Where does the matter of the universe come from? The first question to answer is what matter really is. Matter is really “frozen” or condensed energy, like a ray of light that’s wrapped up upon itself like a phone cord SNAFU. Energy comes in two forms: kinetic, and potential.

One form of kinetic energy exists as the free wave/particle dual entities we call photons, which in empty space can only travel at exactly the speed of light relative to all other observers. This means photons can never exist confined in atoms.

Another form of kinetic energy is bound up as particles with mass, which always travel below the speed of light. Under certain conditions particles are formed from the kinetic energy of the collision of other particles.

Kinetic energy is momentum, and momentum is mass times velocity. So whatever excess energy is left over after the creation of these particles is carried away in the velocity of the resultant particles, which we experience as the heat of a nuclear reactor, for example. Heat is really motion.

Potential energy is stored by the relative position of two particles within each other’s gravitational field. It is a negative number that exactly equals the kinetic energy that would be released if the particles were allowed to collide. If you have a rock on the top of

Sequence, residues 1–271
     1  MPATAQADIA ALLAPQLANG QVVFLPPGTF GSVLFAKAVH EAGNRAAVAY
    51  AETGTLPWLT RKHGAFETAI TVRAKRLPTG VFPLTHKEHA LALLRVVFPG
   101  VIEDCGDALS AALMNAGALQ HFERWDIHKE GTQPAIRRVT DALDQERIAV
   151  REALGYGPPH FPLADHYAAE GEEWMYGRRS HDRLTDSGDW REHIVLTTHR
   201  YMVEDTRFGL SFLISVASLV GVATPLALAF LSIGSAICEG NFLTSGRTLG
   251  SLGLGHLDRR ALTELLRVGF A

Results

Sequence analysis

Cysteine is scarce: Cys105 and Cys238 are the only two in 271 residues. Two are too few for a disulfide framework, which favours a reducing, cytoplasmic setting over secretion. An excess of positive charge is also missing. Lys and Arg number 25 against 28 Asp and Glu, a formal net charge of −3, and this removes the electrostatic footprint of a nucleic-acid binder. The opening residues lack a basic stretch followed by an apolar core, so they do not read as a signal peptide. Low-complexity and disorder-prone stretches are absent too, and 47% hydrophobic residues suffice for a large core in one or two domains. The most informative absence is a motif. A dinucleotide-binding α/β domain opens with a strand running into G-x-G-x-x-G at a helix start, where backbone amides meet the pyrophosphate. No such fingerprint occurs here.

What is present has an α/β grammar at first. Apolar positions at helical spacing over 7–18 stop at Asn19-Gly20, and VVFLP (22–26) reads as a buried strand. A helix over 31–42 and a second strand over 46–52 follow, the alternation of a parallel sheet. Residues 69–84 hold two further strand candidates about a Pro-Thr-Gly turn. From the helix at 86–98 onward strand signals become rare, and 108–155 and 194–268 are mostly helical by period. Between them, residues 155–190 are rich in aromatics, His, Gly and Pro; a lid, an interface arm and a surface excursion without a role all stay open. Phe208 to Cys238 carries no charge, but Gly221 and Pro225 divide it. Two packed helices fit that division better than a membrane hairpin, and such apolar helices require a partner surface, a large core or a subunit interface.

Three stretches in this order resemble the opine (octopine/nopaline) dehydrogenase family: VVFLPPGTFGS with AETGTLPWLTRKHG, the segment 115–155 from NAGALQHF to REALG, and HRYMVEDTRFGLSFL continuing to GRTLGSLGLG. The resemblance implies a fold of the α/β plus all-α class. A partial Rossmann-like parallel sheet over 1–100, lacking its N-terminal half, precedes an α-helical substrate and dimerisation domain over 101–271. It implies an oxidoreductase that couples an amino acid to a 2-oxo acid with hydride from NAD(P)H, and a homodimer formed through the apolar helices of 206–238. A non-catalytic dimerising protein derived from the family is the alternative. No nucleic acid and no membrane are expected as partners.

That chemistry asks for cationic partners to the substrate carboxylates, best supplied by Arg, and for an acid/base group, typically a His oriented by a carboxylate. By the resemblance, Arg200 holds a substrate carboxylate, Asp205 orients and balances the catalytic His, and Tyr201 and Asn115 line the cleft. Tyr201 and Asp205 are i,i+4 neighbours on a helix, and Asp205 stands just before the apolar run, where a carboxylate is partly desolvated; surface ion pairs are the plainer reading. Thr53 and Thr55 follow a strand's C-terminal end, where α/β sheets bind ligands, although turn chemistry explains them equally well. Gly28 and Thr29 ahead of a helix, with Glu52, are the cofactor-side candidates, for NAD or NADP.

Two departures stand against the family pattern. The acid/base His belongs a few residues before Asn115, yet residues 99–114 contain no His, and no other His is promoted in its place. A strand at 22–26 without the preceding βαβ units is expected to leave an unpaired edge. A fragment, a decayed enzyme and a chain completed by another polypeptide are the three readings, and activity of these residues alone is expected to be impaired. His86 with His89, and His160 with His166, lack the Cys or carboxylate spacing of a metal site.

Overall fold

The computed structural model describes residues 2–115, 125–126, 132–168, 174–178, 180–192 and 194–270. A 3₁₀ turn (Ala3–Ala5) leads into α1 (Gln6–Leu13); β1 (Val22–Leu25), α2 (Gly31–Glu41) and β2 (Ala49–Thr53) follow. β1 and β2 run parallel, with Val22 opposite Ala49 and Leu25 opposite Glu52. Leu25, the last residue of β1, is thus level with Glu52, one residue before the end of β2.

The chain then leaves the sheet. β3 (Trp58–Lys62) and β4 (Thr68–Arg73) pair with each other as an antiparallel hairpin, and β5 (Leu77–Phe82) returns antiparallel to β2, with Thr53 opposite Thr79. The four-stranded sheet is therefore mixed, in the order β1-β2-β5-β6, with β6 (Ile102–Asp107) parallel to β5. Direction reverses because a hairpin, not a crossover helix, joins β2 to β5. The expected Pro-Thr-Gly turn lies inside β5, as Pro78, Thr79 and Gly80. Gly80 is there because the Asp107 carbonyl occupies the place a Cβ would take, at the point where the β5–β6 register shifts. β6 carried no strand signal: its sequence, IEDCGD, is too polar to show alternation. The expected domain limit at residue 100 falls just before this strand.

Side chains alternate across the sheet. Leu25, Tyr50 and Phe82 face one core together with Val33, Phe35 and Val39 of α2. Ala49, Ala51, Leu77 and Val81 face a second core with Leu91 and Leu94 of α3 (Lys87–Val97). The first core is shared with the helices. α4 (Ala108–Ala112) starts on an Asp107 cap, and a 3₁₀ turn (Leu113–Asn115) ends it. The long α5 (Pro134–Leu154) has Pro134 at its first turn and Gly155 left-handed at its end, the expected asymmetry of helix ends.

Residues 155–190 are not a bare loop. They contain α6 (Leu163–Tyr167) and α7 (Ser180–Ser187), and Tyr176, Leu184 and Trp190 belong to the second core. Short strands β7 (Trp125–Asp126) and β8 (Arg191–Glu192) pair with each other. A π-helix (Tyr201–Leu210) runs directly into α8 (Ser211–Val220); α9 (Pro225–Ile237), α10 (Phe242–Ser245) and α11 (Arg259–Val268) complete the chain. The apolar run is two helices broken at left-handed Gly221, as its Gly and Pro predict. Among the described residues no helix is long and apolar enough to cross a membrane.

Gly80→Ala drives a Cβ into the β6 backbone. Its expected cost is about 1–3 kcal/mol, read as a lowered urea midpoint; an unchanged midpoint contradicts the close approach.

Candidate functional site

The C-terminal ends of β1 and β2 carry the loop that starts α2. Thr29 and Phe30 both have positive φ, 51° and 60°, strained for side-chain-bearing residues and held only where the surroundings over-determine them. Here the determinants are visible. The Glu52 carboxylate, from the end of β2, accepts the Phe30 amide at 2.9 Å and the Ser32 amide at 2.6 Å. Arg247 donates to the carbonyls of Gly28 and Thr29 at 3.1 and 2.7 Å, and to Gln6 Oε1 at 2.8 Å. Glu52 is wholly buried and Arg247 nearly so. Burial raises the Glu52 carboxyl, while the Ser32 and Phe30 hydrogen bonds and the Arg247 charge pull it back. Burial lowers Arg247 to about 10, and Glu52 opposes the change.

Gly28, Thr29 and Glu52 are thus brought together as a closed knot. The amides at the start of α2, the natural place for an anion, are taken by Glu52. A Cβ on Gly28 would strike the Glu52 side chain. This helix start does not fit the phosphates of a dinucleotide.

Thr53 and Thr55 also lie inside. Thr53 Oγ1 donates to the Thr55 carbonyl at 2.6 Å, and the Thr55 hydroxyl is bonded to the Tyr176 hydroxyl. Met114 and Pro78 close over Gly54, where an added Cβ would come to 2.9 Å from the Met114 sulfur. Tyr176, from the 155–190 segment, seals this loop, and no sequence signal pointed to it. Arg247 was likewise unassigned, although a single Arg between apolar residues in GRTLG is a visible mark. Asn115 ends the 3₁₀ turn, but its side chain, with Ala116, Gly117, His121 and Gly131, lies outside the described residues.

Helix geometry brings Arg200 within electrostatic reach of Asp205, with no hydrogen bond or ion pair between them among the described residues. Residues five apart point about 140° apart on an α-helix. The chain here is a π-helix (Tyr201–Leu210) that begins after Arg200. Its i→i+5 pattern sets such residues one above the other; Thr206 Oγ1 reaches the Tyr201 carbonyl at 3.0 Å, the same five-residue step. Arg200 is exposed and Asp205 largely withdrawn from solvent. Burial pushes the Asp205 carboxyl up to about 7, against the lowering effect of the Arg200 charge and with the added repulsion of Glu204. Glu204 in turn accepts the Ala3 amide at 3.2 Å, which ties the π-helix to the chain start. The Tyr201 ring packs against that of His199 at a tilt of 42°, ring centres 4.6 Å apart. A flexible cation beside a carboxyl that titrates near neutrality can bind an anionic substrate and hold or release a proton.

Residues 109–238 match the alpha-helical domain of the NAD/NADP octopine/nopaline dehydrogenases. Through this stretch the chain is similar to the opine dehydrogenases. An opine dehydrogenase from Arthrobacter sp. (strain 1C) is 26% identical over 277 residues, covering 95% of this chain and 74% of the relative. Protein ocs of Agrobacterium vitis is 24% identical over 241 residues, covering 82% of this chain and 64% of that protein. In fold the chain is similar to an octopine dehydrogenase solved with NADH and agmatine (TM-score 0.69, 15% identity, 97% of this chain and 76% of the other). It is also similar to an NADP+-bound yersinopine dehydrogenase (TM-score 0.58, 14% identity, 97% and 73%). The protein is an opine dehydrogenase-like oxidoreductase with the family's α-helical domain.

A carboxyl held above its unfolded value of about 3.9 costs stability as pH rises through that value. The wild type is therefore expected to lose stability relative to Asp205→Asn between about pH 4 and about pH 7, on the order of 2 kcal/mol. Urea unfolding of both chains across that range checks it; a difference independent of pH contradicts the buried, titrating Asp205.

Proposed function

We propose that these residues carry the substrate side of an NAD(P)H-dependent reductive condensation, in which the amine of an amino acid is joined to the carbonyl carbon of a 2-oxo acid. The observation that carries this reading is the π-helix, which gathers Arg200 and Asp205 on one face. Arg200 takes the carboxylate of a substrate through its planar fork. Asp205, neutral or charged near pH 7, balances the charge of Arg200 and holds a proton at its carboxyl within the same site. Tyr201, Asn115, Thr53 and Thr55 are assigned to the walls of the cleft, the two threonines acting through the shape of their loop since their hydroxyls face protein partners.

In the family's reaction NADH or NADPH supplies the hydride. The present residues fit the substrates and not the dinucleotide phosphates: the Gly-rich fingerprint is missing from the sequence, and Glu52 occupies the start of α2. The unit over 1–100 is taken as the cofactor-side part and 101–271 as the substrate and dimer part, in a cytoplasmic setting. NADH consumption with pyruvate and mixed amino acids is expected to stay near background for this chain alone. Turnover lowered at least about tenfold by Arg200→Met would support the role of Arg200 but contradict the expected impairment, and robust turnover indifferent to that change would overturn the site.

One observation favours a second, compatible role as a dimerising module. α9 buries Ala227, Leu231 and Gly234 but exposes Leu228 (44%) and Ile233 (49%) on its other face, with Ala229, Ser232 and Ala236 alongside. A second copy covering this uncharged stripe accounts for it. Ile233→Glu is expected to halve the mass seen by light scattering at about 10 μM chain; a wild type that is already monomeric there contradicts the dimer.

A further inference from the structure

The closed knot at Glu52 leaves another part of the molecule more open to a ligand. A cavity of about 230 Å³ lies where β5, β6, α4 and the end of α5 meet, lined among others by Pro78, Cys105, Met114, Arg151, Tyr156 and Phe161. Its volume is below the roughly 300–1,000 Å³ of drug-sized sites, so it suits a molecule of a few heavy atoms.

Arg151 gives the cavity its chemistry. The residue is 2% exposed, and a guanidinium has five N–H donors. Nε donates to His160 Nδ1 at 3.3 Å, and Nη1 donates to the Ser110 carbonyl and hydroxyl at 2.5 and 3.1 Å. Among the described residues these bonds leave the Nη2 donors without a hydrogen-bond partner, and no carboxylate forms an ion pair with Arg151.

a hill, it has potential energy, and when it rolls down the hill and strikes a wall, the force it delivers is a positive number exactly equal to the negative potential energy that rock had when it was sitting up there on the hill. So the sum of these two energies is zero.

Now if you add up all the kinetic energy of the universe which is in the form of light, matter, and the motion of that matter, and then subtract all the potential energy from the gravitational fields of all that stuff, the total sum of the energy of the universe is zero. That is, NOTHING!

The universe is nothing, it comes from nothing, and if we see something it is only a temporary blip, like a vacuum fluctuation but on a much larger scale.